“Any decision to remove the selected books from the juvenile collection undermines the Library’s policy for free access to information, including for minors: ‘Individual or group prejudice about a particular item or type of material in the collection may not preclude its use by others.’ Creating a special section for select children’s books is violating policy and effectively isolating both the information contained in those books and the families who identify with the characters and themes in those books.
“In addition, we the undersigned actively support the inclusion of LGBTQ+ representation in our children’s library as a reflection and celebration of the diverse community we live in, within a free nation.”
The petition cited library policy that states: “Responsibility for the reading choices and information access by children rests with the parents and legal guardians, not the Library …. The Library encourages parents to be involved with their children’s reading and library use and will work with parents to find materials they deem appropriate for their children.”
Here are the titles the petitioners have asked to be moved outside of the children’s section of the Homer Public Library. All the books are available in print at the library, and the titles with asterisks are available in other formats:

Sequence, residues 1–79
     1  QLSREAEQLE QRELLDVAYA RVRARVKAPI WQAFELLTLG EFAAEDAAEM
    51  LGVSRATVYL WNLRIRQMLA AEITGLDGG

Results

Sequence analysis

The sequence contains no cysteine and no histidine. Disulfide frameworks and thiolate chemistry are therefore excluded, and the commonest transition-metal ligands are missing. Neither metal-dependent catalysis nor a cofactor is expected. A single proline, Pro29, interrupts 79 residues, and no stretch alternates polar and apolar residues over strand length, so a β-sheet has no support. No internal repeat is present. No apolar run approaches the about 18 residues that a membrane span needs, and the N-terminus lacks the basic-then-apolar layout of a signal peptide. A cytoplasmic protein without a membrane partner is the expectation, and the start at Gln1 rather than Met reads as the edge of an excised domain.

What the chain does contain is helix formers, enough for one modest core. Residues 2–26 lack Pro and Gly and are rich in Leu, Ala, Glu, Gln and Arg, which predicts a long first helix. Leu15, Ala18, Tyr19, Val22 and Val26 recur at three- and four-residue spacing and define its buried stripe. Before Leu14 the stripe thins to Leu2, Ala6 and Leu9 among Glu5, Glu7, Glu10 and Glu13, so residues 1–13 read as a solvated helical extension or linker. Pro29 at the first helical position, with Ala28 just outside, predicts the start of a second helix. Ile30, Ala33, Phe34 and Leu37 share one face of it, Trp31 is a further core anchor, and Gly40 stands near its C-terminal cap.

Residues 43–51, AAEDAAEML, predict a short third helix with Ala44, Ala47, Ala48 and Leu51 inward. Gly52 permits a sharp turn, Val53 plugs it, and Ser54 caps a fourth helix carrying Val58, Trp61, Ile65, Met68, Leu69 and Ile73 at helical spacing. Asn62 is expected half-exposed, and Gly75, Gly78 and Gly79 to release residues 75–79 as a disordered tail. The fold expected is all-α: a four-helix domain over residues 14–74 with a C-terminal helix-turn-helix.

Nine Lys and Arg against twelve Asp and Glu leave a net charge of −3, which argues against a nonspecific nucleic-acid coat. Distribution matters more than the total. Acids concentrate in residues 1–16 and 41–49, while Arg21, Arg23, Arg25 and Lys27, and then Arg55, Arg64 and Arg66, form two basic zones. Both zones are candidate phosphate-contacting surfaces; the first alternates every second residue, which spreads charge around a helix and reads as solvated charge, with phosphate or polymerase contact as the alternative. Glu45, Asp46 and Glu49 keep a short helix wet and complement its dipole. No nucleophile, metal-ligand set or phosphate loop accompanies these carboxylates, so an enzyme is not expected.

1. A Crow of His Own by Megan Dowd Lambert; 2. A Day in the Life of Marlon Bundo by Marlon Bundo; 3. A Family is a Family is a Family by Sara O’Leary; 4. And Tango Makes Three by Justin Richardson*; 5. Big Bob, Little Bob by James Howe; 6. Black is a Rainbow Color by Angela Joy; 7. Drawing on Walls: A Story of Keith Haring by Matthew Burgess; 8. Everywhere Babies by Susan Meyers; 9. George by Alex Gino*; 10. Grandad’s Camper by Harry Woodgate; 11. Heather Has Two Mommies by Lesléa Newman; 12. Home at Last by Vera B. Williams; 13. It’s Okay to Be Different by Todd Parr; 14. Julián at the Wedding by Jessica Love; 15. Julián is a Mermaid by Jessica Love; 16. Keeper by Kathi Appelt; 17. Keith Haring: The Boy Who Just Kept Drawing by Kay Haring; 18. Littles and How They Grow by Kelly DiPucchio; 19. Lumberjanes by Noelle Stevenson and others*. (The library owns volumes 1-12 of the Young Adult graphic novel, plus Lumberjanes: Unicorn Power!, a novelization for younger readers.; a. Lumberjanes: Beware the Kitten Holy; b. Lumberjanes: Friendship to the Max; c. Lumberjanes: A Terrible Plan; d. Lumberjanes: Out of Time; e. Lumberjanes: Band Together; f. Lumberjanes: Sink or Swim; g. Lumberjanes: A Bird’s-Eye View; h. Lumberjanes: The Infernal Compass; i. Lumberjanes: On a Roll; j. Lumberjanes: Parents’ Day; k. Lumberjanes: Time After Crime; l. Lumberjanes: Jackalope Springs Eternal; m. Lumberjanes: Unicorn Power!; 20. Morris Micklewhite and the Tangerine Dress by Christine Baldacchino; 21. Mr. Watson’s Chickens by Jarrett Dapier; 22. My Footprints by Bao Phi; 23. My House by Byron Barton (item is on order but has not arrived yet); 24. One Family by George Shannon*; 25. Pride: The Story of Harvey Milk and the Rainbow Flag by Rob Sanders; 26. Red: A Crayon’s Story by Michael Hall*; 27. Sex is a Funny Word by Cory Silverberg; 28. Stella Brings the Family by Miriam B. Schiffer*; 29. Stonewall: A Building. An Uprising. A Revolution by Rob Sanders; 30. The Adventures of Honey and Leon by Alan Cumming; 31. The Cardboard Kingdom by Chad Sell; 32. The Hips on the Drag Queen go Swish, Swish, Swish by Lil Miss Hot Mess; 33. The Lotterys Plus One by Emma Donoghue*; 34. The Magic Misfits by Neil Patrick Harris* (The library owns volumes 1-3. a. The Magic Misfits); b. The Magic Misfits: The Second Story; c. The Magic Misfits: The Minor Third; 35. The Sleeper and the Spindle by Neil Gaiman*; 36. The Stonewall Riots: Coming Out in the Streets by Gayle E. Pitman; 37. They, She, He, Me: Free to Be! by Maya Christina Gonzalez; 38. This Day In June by Gayle E. Pitman; 39. Two Grooms on a Cake: the Story of America’s First Gay Wedding by Rob Sanders; 40. Were I Not a Girl: The Inspiring and True Story of Dr. James Barry by Lisa Robinson; 41. What Are Your Words? A Book About Pronouns by Katherine Locke.